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May 26, 2017
Q. Ahoy, all you “logophiles” (word lovers) out there: Can you explain the nautical nature of “jettison,” “jury-rig,” “offing,” “pinchgut,” and “slush fund”?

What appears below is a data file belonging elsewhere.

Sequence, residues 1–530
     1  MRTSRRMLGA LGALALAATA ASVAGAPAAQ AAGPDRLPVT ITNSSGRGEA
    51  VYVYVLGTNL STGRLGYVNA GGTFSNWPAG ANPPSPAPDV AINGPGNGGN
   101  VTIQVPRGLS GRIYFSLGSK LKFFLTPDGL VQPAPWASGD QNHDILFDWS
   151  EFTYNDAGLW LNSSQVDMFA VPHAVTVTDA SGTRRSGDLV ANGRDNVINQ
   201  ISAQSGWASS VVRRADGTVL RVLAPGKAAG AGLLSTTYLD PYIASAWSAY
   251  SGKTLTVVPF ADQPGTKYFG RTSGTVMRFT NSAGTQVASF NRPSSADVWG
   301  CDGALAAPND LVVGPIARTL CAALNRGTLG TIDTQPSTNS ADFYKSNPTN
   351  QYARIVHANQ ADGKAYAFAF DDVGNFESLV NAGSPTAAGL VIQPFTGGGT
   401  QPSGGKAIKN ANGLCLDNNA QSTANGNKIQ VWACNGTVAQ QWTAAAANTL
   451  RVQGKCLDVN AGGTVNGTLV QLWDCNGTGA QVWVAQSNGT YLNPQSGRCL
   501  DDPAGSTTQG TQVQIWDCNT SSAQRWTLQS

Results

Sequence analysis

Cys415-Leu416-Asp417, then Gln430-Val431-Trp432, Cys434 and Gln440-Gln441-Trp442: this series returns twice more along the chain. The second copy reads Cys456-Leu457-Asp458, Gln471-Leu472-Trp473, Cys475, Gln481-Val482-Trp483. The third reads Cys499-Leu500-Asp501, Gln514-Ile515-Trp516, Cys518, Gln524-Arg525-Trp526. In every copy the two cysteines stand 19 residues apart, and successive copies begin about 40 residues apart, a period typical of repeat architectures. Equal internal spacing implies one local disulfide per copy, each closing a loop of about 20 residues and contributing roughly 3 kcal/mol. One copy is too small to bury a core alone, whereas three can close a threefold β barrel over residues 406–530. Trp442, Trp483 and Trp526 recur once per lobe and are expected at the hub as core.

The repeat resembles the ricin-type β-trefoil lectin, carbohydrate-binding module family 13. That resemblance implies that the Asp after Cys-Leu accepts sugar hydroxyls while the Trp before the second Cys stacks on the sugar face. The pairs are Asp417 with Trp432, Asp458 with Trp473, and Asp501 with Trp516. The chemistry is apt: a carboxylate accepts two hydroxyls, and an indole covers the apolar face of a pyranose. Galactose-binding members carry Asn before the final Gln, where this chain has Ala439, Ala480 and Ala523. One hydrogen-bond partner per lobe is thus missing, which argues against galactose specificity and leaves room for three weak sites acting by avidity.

A. “Jettison,” meaning to cast off something unwanted or burdensome, originally comes from throwing goods overboard to lighten a ship in distress (earliest documented use 1426), says Anu Garg on his “A.Word.A.Day” website. “On a sailing ship, a ‘jury-mast' is a temporary mast, rigged when the original is damaged or lost,” so to “jury-rig” is to fix temporarily using whatever is available. And something “in the offing” means “in the near future”; “in nautical use, ‘offing' is the part of the sea visible from the shore but beyond anchoring ground.”
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